There are increased rates of delayed graft function and primary non-function in non-heart beating kidneys, but long term function is good.
Donors must be pronounced dead before organ donation is considered to prevent conflict of interests.
The legislation surrounding consent for in situ cooling needs to be clarified.
New preservation techniques such as machine perfusion may increase graft function and allow viability testing.
Future research is being directed towards interleukin-2 receptor monoclonal antibodies and new immunosuppression regimens.
Newer immunosuppressive agents that are non-nephrotoxic, such as mycophenolate mofetil and sirolimus (Rapamycin), have not been sufficiently studied in the context of non-heart beating renal transplantation. These may show themselves to be useful.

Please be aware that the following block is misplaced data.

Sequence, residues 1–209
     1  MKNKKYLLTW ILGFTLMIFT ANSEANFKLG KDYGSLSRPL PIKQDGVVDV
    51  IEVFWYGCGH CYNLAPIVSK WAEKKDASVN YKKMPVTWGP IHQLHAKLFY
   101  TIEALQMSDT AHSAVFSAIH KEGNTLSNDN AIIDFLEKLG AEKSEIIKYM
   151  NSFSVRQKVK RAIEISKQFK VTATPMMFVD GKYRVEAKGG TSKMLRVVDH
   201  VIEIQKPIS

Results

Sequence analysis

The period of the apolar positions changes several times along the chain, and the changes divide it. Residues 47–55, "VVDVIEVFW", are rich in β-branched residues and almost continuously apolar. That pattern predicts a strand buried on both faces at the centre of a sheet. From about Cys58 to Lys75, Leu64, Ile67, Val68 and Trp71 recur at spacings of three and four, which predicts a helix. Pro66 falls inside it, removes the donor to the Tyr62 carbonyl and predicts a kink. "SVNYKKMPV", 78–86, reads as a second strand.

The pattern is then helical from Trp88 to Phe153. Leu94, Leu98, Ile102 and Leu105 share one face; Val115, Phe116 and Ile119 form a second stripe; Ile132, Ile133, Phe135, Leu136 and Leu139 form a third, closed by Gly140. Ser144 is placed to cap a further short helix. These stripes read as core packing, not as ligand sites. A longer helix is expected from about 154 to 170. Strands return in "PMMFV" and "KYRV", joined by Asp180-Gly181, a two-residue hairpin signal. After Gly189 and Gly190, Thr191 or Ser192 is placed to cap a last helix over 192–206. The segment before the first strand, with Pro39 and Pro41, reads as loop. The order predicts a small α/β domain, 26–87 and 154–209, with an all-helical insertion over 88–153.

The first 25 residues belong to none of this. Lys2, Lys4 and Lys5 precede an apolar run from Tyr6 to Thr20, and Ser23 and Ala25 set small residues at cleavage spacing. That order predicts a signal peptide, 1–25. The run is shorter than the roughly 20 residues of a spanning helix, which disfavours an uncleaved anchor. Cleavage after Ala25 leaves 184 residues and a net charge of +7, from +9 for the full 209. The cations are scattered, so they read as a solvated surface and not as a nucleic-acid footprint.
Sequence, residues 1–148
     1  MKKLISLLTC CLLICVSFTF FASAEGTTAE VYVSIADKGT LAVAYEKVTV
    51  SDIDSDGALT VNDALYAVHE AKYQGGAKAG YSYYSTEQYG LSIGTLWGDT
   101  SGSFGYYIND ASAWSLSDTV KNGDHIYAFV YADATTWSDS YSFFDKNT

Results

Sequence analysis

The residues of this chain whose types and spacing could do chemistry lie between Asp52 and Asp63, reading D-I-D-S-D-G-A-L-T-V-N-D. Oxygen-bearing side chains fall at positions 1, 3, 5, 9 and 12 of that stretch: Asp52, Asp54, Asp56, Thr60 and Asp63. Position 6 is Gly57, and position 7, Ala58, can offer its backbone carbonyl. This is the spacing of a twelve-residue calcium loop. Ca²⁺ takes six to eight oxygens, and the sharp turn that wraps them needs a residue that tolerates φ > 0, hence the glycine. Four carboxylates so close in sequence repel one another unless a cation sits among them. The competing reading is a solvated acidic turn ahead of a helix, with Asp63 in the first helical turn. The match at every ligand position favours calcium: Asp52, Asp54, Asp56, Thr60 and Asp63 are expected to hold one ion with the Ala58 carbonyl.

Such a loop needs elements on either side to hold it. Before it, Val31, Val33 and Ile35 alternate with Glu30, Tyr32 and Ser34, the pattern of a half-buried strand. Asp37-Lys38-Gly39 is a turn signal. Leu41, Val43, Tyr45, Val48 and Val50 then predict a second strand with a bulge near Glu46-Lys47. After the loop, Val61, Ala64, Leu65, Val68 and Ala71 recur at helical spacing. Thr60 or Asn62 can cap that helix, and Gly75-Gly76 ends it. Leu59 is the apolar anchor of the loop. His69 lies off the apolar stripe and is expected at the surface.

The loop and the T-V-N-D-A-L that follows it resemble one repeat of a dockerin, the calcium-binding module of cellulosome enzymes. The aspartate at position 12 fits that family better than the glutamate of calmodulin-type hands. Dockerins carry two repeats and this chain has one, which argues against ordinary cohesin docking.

Further research has been undertaken on interleukin-2 receptor monoclonal antibodies (daclizumab and basiliximab). These block the high affinity interleukin-2 receptor found on alloreactive T cells, thus causing more selective immunosuppression. There is already evidence to suggest that these drugs can significantly reduce the level of acute rejection in the first six months after cadaveric renal transplants.26 These have yet to be studied in non-heart beating kidneys, but they may well prove to be beneficial in kidneys that have suffered a considerable degree of warm ischaemia.